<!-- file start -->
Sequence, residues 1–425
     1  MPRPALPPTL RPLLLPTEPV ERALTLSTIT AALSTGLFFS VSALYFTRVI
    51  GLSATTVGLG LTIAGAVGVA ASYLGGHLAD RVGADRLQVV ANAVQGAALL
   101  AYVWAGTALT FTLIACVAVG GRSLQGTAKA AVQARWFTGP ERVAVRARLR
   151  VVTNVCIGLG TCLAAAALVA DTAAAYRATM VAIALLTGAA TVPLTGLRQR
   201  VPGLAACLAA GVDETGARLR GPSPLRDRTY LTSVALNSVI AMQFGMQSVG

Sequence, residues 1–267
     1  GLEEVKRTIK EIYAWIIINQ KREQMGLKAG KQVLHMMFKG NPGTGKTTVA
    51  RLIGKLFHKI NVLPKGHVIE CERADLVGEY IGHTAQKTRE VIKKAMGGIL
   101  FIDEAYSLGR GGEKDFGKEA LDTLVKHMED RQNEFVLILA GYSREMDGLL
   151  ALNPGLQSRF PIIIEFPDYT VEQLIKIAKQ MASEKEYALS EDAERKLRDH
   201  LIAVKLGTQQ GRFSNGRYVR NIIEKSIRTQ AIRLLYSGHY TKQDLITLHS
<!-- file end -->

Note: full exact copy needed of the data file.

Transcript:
Sequence, residues 1–425
     1  MPRPALPPTL RPLLLPTEPV ERALTLSTIT AALSTGLFFS VSALYFTRVI
    51  GLSATTVGLG LTIAGAVGVA ASYLGGHLAD RVGADRLQVV ANAVQGAALL
   101  AYVWAGTALT FTLIACVAVG GRSLQGTAKA AVQARWFTGP ERVAVRARLR
   151  VVTNVCIGLG TCLAAAALVA DTAAAYRATM VAIALLTGAA TVPLTGLRQR
   201  VPGLAACLAA GVDETGARLR GPSPLRDRTY LTSVALNSVI AMQFGMQSVG

Sequence, residues 1–267
     1  GLEEVKRTIK EIYAWIIINQ KREQMGLKAG KQVLHMMFKG NPGTGKTTVA
    51  RLIGKLFHKI NVLPKGHVIE CERADLVGEY IGHTAQKTRE VIKKAMGGIL
   101  FIDEAYSLGR GGEKDFGKEA LDTLVKHMED RQNEFVLILA GYSREMDGLL
   151  ALNPGLQSRF PIIIEFPDYT VEQLIKIAKQ MASEKEYALS EDAERKLRDH
   201  LIAVKLGTQQ GRFSNGRYVR NIIEKSIRTQ AIRLLYSGHY TKQDLITLHS